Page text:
San Pedro Springs Park, A History

Part 2: 1836-present


By Hector Cardenas

Park Boundaries Regained 1851

The City of San Antonio obtained a means of re-defining the original Spanish “Ejido” land grant boundaries with the help of older residents and court action against trespassers. In 1851 the Supreme Court affirming the ruling of a trial court and resting the tittle of 46.004 acres of land that continues to this day as San Pedro Springs Park.


Agricultural Fair 1854

The first City and county-wide events took place in September of 1854 at San Pedro Springs. Farmers, stockmen, men in industry, as well as professional men and homemakers, brought the best samples of their labor to compete for prizes. The fair was reported in the newspaper that it was “pronounced by all participants, a happy and successful event.”


US Army Experiment Fails

1856 saw an experiment to solve problems in transporting U.S. Army supplies in dry areas. Secretary of War, Jefferson Davis, attempted to replace mule trains with camel caravans. Since camels contained the ability to travel far distances without water, could carry heavier loads, required less equipment, and moved more quickly than mules, they seemed to be a good solution.

On June 18, 1856, the dusty streets of San Antonio were lined by excited people that witnessed these unusual “ships of the desert” march their way to San Pedro Springs for a brief stay before reaching Camp Verde, near Kerrville, where the experiment would take place.

Davis’ camel venture was a flop. It turned out that the Texas Mustangs objected to the humped animals appearance and odors and became unruly in their presence. Adding the fact that Texans were horse lovers and expert horsemen and though the foreign animals met all the tasks put before them, they were unilaterally scorned and the experiment failed. The thirty four camels were sold and it is said that many of their descendants may be found in this country’s circuses and zoos.

General Sam Houston at the Springs

Sam Houston, well known General of the Texian Army during the fight for Independence, was received at San Pedro Springs on two occasions.  His first speech at the Park was in 1858 during his second gubernatorial campaign, and then in 1860 when he spoke against the secession. It was reported that more than 2,000 people were in attendance and the Old Hero’s eloquent address was applauded by all present and a barbecue followed. The warm reception at the Park was one of Houston’s last great triumphs. His futile battle to keep Texas in the Union ultimately failed and he stepped aside, broken in health and finally disappointed to see his favorite son return, wounded from battle, as a Confederate veteran.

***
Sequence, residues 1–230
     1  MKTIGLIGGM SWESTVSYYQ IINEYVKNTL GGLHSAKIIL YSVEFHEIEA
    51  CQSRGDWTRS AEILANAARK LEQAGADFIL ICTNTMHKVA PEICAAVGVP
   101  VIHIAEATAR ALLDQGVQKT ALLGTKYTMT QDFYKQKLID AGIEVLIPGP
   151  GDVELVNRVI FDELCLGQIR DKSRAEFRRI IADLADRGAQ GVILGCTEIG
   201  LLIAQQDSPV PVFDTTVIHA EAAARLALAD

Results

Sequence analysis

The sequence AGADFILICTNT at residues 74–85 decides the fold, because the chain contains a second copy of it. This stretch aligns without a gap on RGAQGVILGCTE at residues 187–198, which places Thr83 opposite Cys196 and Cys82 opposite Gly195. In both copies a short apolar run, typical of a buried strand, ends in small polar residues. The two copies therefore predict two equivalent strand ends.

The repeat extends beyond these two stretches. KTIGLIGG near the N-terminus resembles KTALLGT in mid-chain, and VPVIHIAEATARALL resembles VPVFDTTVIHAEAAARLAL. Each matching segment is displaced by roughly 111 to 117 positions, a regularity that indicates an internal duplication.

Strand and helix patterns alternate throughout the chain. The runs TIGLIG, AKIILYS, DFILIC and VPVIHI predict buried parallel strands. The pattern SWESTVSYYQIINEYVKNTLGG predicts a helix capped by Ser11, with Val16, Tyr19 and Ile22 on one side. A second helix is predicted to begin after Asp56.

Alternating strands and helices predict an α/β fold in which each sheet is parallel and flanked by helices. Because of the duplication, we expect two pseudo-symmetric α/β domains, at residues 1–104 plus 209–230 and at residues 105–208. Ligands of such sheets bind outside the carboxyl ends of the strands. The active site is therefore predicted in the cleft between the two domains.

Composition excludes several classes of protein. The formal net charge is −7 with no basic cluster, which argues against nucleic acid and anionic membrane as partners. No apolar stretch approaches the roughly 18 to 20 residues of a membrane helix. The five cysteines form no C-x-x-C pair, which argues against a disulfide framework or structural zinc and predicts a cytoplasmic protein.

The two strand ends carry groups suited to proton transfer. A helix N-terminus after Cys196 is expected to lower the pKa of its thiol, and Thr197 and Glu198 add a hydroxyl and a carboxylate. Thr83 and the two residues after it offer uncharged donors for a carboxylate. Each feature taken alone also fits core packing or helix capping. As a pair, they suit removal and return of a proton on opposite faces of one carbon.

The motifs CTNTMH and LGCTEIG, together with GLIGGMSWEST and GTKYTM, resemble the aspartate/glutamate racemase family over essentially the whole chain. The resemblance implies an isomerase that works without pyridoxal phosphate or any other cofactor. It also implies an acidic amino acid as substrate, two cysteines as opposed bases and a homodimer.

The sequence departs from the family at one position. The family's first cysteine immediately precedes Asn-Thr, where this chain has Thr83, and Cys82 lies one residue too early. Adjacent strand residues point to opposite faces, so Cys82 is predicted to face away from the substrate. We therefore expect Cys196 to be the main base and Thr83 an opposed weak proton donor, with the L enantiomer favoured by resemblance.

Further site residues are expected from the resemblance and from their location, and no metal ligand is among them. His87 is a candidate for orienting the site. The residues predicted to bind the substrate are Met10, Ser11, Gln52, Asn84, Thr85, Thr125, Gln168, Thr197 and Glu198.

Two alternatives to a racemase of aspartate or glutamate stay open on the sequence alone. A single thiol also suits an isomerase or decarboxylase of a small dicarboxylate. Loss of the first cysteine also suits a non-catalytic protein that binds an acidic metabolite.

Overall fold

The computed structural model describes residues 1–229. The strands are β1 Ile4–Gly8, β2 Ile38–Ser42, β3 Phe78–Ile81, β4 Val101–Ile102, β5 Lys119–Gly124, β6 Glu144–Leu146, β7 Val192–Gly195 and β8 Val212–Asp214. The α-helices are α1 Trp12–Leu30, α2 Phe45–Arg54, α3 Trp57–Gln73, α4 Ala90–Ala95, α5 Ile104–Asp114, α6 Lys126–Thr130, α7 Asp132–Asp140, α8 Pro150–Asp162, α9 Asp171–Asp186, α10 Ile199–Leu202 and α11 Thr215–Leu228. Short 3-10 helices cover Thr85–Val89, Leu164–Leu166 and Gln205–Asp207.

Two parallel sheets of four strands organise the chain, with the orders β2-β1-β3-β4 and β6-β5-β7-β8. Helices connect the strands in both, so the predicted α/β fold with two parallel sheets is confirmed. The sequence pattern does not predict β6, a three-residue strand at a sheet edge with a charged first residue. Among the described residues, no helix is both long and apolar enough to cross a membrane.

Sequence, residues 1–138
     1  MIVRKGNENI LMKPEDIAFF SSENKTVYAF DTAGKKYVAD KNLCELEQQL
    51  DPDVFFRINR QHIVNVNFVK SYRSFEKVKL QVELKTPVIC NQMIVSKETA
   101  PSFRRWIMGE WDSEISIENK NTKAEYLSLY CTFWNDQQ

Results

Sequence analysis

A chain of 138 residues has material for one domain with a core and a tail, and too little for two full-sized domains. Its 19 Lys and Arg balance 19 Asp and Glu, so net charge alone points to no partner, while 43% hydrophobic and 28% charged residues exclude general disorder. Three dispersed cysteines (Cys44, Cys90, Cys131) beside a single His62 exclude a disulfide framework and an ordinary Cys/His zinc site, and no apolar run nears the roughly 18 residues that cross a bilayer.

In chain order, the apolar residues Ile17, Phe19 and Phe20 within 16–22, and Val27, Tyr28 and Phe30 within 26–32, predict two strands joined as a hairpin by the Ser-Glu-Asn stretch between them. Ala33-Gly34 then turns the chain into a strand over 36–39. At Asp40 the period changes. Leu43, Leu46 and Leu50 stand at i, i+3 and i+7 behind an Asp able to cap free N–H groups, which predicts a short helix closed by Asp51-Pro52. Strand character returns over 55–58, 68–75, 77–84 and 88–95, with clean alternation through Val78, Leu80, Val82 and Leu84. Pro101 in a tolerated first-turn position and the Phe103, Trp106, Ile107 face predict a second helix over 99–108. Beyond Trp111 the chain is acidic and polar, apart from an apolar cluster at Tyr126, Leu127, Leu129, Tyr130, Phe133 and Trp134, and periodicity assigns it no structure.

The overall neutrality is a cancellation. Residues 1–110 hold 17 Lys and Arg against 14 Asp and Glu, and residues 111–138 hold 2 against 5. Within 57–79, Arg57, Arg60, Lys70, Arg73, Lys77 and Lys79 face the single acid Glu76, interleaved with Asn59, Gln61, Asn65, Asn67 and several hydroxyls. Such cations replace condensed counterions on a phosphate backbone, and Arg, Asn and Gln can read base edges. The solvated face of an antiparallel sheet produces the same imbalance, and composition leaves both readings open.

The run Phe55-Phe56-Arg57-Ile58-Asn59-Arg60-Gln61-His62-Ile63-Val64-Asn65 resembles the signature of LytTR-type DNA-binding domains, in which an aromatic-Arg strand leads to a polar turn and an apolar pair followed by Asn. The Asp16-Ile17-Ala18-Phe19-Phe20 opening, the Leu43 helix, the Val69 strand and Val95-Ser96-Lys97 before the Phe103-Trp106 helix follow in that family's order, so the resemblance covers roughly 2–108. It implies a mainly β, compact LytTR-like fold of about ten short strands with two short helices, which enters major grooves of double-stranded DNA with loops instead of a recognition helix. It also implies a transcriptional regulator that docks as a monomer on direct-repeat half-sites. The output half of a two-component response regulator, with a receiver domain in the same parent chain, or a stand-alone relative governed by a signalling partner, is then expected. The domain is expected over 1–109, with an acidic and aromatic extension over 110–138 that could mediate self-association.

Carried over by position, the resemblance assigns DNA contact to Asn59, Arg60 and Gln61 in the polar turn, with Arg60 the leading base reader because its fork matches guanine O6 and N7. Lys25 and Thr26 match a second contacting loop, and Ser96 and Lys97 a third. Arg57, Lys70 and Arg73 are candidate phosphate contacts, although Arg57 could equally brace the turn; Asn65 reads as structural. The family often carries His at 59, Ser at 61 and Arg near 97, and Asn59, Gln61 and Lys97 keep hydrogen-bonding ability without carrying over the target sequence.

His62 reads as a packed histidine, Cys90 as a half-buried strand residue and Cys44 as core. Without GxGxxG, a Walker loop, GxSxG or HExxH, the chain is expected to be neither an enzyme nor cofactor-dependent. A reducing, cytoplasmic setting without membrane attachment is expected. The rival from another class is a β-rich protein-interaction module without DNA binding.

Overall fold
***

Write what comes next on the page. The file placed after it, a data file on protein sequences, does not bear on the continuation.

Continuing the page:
San Pedro the Prisoner of war Camp

During the course of the US Civil War, San Pedro Springs became a prisoner of war camp site holding Union Soldiers in deplorable conditions. Prisoners had to build their own shelters with whatever would was at hand. Prisoners reported that they were also moved to another camp close to Boerne, Texas, where they would put that camp in order, and when finished would be ordered into a two day march back to San Pedro Springs. Upon their arrival the prisoners would find the camp shelters they left behind destroyed by the Confederate prison soldiers. In time the prisoners were marched to Shreveport and then to Baton Rouge where they were turned over to Union troops under a flag of truce.


For years the City had allowed the use of the park as an encampment ground and for grazing. San Antonio City Fathers were so disturbed by the damaged inflicted at the springs by the Confederates that they passed several ordinances on December 21, 1863, forbidding the use of the park by troops, mules or ox, or any body of men. Furthermore, the regulation banned persons owning stock such as horses, mules, jacks, Jennies, cattle, sheep, goats or hogs from watering, herding or penning within the San Pedro Springs Reserve.

To be continued...

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